MONDAY, April 27, 2020 (HealthDay News) -- Domenico Piccininni is one of the hundreds of thousands of people who have had a COVID-19 infection and recovered after a bit of misery, but with no lasting complications.
What sets him apart from many other survivors is that Piccininni is trying to help people who now have more severe COVID-19 infections.
On Thursday, the Atlanta-area resident donated his plasma. Plasma is a component of blood that contains antibodies, which are made by the immune system in response to a specific infection. Because the 50-year-old Piccininni recovered from a COVID-19 infection, his body now produces antibodies that are primed to fight the new coronavirus.
The hope is that giving his plasma and antibodies (called "convalescent plasma") will help kick-start the fight against the virus for people who are currently very sick with COVID-19 infections.
Piccininni is a reluctant hero, though. At first, he thought he wouldn't want anyone to even know that he had been sick with COVID-19. He worried there might be a potential stigma.
"I felt like [having had the infection] might be like a scarlet letter, but the doctor said I should think of it more like a badge of honor, because I could help people," Piccininni said.
He also admitted to being a bit uneasy about the procedure because he didn't quite know what to expect.
"My wife volunteered me," he said, laughing. "I've never even donated blood before. But, we have five kids and if one of them were on the edge, I would hope someone would help. As nervous as it might make you feel, you have to think about your fellow humankind. How can you not think about saving a life if you can?"
Watch Piccininni as he donates plasma:
The good news is that the donation process isn't a big deal -- just a little bit of time and a needlestick.
Dr. Kent Holland, medical director of the Blood and Marrow Transplant Program at Northside Hospital (the hospital where Piccininni donated) and Atlanta Blood Services in Atlanta, said, "The donation process is pretty straightforward. The whole process takes about 75 to 90 minutes, and there really aren't any significant risks."
He added that some people may briefly get light-headed and some may have a bruise where the needle went in.
During the donation process, some blood is drawn from you. It's then run through a special machine that separates the plasma from the rest of the blood. Your blood is then returned to your body, minus the plasma, Holland explained.
Dr. Jed Gorlin, medical director of Innovative Blood Resources (a New York Blood Center Enterprise) in St. Paul, Minn., said, "Your appointment may be an hour or an hour and a half altogether, but the actual collection time is only about 45 minutes."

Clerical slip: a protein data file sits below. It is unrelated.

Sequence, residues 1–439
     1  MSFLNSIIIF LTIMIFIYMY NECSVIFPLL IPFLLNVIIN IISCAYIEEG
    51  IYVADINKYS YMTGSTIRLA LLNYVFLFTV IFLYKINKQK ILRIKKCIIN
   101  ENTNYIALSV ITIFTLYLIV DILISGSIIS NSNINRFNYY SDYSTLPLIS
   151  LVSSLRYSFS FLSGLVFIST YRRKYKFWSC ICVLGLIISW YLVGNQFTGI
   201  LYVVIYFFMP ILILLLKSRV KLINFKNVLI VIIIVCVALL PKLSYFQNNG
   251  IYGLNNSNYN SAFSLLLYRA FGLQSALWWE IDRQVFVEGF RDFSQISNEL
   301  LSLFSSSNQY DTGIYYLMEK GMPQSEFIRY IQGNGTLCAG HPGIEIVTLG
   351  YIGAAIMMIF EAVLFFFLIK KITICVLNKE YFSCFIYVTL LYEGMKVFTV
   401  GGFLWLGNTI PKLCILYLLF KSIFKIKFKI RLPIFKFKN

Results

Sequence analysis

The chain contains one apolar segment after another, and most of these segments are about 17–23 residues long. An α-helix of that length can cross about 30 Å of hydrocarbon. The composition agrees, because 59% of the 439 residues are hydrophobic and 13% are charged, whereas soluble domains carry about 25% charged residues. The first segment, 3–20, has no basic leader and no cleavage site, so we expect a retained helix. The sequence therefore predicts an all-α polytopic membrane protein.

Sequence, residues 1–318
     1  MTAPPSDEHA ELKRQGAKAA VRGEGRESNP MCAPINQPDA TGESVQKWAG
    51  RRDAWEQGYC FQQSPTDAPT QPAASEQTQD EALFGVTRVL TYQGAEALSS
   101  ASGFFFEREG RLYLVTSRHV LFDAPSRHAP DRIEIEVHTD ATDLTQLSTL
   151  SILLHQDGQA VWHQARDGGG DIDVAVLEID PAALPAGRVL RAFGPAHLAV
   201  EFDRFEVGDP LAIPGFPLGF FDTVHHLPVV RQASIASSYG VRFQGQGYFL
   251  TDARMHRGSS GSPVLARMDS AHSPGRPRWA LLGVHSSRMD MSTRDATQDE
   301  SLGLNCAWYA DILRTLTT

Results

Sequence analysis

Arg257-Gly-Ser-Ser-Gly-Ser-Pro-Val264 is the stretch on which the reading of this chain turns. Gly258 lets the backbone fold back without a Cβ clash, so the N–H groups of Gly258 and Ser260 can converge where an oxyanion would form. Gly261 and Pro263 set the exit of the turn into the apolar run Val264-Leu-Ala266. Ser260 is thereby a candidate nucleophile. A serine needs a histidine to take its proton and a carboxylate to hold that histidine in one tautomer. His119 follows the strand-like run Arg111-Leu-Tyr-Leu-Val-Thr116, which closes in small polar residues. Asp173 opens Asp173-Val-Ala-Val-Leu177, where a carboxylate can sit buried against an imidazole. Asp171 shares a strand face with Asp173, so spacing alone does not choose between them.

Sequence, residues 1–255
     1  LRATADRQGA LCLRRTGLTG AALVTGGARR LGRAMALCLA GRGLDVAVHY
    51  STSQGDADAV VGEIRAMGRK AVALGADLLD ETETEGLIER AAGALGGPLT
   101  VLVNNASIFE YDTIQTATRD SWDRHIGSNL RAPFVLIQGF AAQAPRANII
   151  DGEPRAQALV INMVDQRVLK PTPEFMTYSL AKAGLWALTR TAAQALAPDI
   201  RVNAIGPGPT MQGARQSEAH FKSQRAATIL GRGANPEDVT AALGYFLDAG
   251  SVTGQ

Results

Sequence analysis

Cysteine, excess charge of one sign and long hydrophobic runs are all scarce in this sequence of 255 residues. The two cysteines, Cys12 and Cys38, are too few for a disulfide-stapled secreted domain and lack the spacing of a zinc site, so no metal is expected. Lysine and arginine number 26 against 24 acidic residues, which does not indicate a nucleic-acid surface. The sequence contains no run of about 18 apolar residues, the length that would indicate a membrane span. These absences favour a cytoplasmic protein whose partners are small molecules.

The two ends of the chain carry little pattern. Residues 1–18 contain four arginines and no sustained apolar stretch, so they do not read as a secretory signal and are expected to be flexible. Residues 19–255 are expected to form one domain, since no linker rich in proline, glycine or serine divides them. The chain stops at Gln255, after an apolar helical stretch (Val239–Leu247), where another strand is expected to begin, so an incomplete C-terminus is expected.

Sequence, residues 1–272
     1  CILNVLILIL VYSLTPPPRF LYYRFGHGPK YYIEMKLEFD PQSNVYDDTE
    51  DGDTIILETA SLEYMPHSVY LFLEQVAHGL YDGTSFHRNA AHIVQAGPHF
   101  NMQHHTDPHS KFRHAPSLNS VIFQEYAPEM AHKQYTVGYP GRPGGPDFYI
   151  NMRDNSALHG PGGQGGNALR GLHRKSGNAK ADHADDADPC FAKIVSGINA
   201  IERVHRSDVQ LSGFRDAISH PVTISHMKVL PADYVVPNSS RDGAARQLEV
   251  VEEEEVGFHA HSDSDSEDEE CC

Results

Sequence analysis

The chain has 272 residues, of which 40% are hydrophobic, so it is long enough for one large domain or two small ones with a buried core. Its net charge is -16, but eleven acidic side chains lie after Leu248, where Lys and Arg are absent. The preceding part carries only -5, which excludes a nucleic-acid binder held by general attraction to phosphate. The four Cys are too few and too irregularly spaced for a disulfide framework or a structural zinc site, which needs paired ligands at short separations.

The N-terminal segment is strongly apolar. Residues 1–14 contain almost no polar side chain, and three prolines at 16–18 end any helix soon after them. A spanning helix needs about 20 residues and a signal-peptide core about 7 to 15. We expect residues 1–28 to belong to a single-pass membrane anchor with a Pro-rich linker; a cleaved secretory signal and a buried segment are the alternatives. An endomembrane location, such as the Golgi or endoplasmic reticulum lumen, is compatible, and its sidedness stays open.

Who can donate? Holland said people who have had a proven COVID-19 infection and have recovered may be eligible to donate. It needs to be at least two weeks since they last had symptoms.
Gorlin said loss of smell is one exception to that symptom rule, however. He said it can take longer than two weeks for the sense of smell to return to normal.
Both experts also said that all the usual rules of blood donation apply, and donors must be considered healthy. People can donate more than once.
For people receiving the convalescent plasma, it's like a blood infusion through an IV. Gorlin said it's only about a cup of fluid, so it's not a lot of volume. He said the risks to a patient are very low. The most common side effect is a mild allergic reaction.
Theoretically, a reaction might make the inflammatory response of a COVID-19 infection worse, but Gorlin said doctors just don't know yet if that's a concern because this hasn't been well-studied.
Both said convalescent plasma has been used in the past. Holland noted that it was used as far back as the 1918 Spanish flu, and as recently as the SARS (severe acute respiratory syndrome) and MERS (Middle East respiratory syndrome) viral infections.
Patients who are in hospitals participating in studies of convalescent plasma can access the treatment. If a patient is in a hospital that isn't conducting a study, doctors can apply for what's called an "Emergency IND" -- that's individual expanded access for emergency use -- from the U.S. Food and Drug Administration.
Gorlin noted that physicians can also request convalescent plasma through the Mayo Clinic extended access program.
Holland said that while doctors are hopeful the convalescent plasma will help patients recover faster, "It's too early to know yet. It's a relatively safe therapy, but I would caution people that while it looks promising, all the evidence right now is anecdotal."
Learn more about convalescent plasma from the U.S. Food and Drug Administration.